During a speech prior to the Arctic Council Ministerial Meeting in Rovaniemi, Finland in 2019, US State Secretary Mike Pompeo accused China of leading an aggressive policy.
US Marine Minister and former US Ambassador to Norway Kenneth J. Braithwaite referred to a strong Chinese presence off the Norwegian coast during his May 2020 confirmation hearing prior to his appointment.
“The Chinese and Russians are everywhere, especially the Chinese. You would be scared over the extent of Chinese activity off the Norwegian coast in the High North. And we must be alert, we must understand why”, Braithwaite said.
Hiim does not characterize what China does as directly aggressive.
“However, they are more self-assertive and have the resources to assert their interests both militarily and especially economically.”
Nevertheless, the Senior Researchers believes the potential threat China might pose militarily in the Arctic is exaggerated.
“I think Pompeo and Braithwaite’s statements are examples of Americans exaggerating the threat posted by China in some connections. The Arctic is an example of that.”
“I believe the threat China might pose in the Arctic is a very overplayed phenomenon. If one looks at the Chinese military presence in the Arctic, as Braithwaite appeared to refer to, then that actually equals zero. As far as I know, the Chinese marine has never crossed the Arctic Circle.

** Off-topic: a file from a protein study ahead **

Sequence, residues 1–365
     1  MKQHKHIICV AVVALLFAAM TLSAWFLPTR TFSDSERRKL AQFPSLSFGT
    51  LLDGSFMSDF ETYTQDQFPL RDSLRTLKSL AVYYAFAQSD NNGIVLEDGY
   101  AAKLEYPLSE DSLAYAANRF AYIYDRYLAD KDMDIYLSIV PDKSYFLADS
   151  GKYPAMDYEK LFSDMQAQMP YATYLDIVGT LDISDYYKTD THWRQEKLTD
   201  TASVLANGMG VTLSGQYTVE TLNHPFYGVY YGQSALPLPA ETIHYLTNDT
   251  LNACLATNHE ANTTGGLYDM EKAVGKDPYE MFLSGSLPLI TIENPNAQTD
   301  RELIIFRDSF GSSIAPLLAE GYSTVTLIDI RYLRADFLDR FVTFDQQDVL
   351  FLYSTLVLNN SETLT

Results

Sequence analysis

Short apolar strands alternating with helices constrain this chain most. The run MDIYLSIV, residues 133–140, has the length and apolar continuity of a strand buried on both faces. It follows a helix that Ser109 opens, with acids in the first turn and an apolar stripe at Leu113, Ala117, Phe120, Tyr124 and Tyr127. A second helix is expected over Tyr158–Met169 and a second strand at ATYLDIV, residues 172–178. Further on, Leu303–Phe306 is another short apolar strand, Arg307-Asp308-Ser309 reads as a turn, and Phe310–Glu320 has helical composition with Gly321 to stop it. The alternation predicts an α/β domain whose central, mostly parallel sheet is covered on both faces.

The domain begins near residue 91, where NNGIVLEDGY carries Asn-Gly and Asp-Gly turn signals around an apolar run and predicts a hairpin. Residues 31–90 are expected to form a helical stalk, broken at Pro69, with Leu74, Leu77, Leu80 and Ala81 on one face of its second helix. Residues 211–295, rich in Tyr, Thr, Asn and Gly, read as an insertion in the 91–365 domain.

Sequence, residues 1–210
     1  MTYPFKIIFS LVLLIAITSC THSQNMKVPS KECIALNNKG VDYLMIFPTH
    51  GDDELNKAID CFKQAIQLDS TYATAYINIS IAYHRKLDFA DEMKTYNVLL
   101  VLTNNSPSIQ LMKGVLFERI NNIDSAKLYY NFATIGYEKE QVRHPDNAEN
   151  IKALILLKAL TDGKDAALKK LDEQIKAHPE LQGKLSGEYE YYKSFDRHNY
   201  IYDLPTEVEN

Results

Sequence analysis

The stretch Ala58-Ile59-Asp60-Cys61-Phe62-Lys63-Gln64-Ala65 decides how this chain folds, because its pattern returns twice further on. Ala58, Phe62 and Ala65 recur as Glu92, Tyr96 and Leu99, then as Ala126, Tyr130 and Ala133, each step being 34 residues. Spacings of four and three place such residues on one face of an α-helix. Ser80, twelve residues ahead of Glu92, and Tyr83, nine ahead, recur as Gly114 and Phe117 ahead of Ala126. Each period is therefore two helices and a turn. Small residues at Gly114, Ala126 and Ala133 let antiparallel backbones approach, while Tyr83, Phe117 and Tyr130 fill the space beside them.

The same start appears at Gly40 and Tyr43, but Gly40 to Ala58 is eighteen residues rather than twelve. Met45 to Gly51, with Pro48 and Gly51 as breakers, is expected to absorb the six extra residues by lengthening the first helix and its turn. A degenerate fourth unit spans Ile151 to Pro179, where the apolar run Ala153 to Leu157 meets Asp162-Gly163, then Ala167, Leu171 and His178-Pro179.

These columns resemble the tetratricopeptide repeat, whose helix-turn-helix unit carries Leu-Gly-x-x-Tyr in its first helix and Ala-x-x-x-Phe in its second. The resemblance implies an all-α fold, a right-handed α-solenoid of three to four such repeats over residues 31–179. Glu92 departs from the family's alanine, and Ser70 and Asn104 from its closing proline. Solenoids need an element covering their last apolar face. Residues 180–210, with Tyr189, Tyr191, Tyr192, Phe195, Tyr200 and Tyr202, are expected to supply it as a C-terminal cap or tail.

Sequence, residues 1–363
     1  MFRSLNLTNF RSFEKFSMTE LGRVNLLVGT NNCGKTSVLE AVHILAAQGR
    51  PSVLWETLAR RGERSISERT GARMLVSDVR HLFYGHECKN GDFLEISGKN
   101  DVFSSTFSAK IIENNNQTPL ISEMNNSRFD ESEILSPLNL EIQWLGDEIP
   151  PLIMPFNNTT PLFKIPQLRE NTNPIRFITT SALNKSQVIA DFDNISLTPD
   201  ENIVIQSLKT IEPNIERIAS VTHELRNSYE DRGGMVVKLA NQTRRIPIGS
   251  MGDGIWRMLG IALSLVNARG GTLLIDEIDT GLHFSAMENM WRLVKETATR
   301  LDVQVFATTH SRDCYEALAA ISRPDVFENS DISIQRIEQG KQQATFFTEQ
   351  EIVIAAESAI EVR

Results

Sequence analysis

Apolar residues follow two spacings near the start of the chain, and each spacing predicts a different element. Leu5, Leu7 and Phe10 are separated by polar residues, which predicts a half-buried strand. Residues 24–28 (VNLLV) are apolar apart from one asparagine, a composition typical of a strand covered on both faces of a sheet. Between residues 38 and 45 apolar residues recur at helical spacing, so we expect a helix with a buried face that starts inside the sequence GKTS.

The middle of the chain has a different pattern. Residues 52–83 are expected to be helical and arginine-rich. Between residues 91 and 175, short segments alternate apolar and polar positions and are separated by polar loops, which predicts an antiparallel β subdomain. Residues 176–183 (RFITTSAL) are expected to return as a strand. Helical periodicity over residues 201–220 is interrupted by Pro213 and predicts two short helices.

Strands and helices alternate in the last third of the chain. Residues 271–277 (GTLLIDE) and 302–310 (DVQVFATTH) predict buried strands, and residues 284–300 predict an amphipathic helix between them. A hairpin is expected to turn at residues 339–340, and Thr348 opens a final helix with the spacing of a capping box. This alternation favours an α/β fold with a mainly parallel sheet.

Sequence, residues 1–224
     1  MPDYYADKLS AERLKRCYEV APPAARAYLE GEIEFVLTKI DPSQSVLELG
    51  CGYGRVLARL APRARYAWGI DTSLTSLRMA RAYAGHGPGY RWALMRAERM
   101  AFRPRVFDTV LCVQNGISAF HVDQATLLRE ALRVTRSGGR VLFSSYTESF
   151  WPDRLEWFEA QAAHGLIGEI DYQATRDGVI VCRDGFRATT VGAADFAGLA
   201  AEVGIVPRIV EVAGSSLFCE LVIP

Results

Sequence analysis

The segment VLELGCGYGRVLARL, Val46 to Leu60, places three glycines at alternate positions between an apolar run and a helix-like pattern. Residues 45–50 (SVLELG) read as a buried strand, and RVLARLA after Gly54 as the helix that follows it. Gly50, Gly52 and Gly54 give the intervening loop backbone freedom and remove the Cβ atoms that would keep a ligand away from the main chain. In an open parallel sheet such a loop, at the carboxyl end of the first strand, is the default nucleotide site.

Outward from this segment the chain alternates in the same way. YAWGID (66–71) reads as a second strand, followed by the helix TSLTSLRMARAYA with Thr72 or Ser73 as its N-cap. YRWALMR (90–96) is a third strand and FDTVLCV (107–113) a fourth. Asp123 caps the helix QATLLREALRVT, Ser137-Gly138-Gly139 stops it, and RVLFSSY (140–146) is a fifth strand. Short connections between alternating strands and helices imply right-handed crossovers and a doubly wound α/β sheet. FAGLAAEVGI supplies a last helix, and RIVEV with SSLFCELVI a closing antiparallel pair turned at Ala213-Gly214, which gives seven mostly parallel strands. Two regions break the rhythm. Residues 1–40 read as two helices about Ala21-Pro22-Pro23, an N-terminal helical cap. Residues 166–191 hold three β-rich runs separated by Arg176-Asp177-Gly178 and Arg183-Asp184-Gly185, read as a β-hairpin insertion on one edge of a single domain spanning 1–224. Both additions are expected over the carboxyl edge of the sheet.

“There might me some Chinese military presence with time. However, for the foreseeable future, focus will be on its immediate neighborhood, then on Asia, the Pacific Ocean and the Indian Ocean. The Arctic is way down on that list”, Hiim points out.
The USA and China meet out in the maritime domain. They are not facing each other on land in Asia.
Consequences for Norway
In July, the Norwegian Armed Forces announced that the USA’s Marine Corps will develop its exercising in Norway in relation to the re-organizing of the USMC. This means that the USMC will be present only with lighter forces between exercises.
When asked whether the USA’s announcement about withdrawing forces both from Norway and Germany can be seen in relation to the development between China and the USA, Tunsjø answers with an unequivocal yes.
“It says so in black and white in the new US Marine Corps strategy. They look at where the challenges will be in the coming years and the marine corps wants to make itself relevant. That means that it must find new ways of thinking, finding out how to lead war in the coming years, or at least be relevant, in a potential conflict with China.”
“Thus, they move focus away from the land-based domain, which they have been very focused on for the past two decades.”
“In addition, their storages in Norway are not as relevant as before. If they envision a greater chance of being drawn into a conflict in East Asia, they will need storages closer to that geographical area. So China’s emergence thus has a direct consequence for Norwegian defense and security policy”, Tunsjø says in closing.
This article was originally published in Norwegian and has been translated by HNN's Elisabeth Bergquist.